3 years ago

A clumpy and anisotropic galaxy halo at z=1 from gravitational-arc tomography.

Cedric Ledoux, L. Felipe Barrientos, Nicolas Tejos, Ismael Pessa, Keren Sharon, Sebastian Lopez, Jane R. Rigby, Matthew B. Bayliss, Michael D. Gladders

Every star-forming galaxy has a halo of metal-enriched gas extending out to at least 100 kpc, as revealed by the absorption lines this gas imprints on the spectra of background quasars. However, quasars are sparse and typically probe only one narrow pencil beam through the intervening galaxy. Close quasar pairs and gravitationally lensed quasars have been used to circumvent this inherently one-dimensional technique, but these objects are rare and the structure of the circum-galactic medium remains poorly constrained. As a result, our understanding of the physical processes that drive the re-cycling of baryons across the lifetime of a galaxy is limited. Here we report integral-field (tomographic) spectroscopy of an extended background source -a bright giant gravitational arc. We can thus coherently map the spatial and kinematic distribution of Mg II absorption -a standard tracer of enriched gas- in an intervening galaxy system at redshift 0.98 (i.e., ~8 Gyr ago). Our gravitational-arc tomography unveils a clumpy medium in which the absorption-strength decreases with increasing impact parameter, in good agreement with the statistics towards quasars; furthermore, we find strong evidence that the gas is not distributed isotropically. Interestingly, we detect little kinematic variation over a projected area of ~600 kpc squared, with all line-of-sight velocities confined to within a few tens of km/s of each other. These results suggest that the detected absorption originates from entrained recycled material, rather than in a galactic outflow.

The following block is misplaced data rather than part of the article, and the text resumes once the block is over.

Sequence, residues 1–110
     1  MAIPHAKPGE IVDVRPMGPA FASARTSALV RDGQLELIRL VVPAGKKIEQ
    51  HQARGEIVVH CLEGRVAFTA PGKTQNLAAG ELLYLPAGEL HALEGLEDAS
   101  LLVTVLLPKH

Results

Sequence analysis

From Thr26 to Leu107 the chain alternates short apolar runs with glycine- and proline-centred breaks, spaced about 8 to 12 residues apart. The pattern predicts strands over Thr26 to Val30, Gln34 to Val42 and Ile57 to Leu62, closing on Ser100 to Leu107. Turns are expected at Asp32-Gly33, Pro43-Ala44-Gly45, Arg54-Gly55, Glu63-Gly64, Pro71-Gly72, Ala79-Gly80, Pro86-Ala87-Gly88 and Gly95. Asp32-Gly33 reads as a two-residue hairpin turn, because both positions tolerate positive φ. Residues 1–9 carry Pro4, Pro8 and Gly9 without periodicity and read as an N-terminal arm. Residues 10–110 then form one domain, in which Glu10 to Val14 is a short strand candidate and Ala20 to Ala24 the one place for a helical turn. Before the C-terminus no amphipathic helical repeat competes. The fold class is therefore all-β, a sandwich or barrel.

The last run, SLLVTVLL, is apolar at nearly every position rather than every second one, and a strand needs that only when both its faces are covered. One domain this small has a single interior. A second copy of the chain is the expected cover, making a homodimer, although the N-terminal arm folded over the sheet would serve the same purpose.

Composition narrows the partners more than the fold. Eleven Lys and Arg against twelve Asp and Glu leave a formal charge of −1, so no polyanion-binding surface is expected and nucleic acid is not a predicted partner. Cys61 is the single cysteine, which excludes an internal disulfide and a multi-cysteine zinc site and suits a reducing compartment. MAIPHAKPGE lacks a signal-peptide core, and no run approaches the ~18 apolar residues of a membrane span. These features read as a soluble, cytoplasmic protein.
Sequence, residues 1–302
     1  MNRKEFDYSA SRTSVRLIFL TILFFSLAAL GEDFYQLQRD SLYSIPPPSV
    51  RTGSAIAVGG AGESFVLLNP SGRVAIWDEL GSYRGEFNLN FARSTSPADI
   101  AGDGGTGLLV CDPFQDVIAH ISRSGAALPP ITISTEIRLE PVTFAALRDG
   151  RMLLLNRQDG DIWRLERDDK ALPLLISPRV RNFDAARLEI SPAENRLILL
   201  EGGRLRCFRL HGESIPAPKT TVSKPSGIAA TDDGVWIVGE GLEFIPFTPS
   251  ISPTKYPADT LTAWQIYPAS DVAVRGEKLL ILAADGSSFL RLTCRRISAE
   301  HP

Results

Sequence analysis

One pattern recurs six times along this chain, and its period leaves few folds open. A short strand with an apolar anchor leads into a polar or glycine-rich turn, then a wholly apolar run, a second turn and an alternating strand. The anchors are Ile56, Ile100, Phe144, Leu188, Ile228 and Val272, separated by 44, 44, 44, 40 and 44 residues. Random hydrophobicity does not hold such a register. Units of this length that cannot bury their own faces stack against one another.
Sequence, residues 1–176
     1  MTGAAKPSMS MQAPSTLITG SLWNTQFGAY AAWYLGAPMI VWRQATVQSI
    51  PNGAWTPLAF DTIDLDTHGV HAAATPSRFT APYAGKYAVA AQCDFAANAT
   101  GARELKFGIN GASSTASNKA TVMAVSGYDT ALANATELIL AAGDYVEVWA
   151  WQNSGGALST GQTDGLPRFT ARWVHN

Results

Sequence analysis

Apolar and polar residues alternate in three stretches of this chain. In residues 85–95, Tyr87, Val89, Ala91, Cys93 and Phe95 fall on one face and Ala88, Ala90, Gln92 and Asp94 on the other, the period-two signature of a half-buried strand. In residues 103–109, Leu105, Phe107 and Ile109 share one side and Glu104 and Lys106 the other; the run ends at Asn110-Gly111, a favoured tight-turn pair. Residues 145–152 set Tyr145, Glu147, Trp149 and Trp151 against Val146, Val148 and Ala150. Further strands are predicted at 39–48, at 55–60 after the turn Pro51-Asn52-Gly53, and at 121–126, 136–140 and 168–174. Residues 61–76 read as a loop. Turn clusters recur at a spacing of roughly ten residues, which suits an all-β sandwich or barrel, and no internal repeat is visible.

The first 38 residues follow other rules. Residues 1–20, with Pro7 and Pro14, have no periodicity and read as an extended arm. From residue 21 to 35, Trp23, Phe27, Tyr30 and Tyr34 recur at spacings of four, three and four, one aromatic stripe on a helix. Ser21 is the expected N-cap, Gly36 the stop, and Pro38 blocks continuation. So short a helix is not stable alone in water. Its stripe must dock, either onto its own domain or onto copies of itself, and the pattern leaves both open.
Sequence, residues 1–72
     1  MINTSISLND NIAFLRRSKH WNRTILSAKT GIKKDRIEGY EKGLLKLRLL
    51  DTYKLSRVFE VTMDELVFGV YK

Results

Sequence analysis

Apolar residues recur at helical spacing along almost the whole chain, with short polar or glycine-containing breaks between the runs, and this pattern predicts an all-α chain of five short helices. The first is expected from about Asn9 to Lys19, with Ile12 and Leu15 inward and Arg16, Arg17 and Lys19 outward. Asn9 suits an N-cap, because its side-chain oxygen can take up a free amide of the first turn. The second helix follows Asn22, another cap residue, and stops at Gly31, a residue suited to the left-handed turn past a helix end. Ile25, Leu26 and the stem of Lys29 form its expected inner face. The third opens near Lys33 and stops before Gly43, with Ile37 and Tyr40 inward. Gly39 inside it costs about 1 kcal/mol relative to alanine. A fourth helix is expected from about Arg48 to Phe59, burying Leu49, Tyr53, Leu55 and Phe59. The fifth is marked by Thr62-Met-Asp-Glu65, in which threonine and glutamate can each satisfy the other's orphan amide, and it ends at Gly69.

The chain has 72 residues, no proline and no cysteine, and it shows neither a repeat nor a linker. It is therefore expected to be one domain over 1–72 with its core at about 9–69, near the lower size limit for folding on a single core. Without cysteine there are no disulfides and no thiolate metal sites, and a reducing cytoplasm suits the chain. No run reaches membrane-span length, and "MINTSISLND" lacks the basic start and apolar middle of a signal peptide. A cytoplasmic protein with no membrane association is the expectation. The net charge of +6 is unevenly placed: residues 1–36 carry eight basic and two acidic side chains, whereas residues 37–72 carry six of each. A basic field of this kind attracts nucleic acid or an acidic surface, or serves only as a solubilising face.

Publisher URL: http://arxiv.org/abs/1801.10175

DOI: arXiv:1801.10175v1

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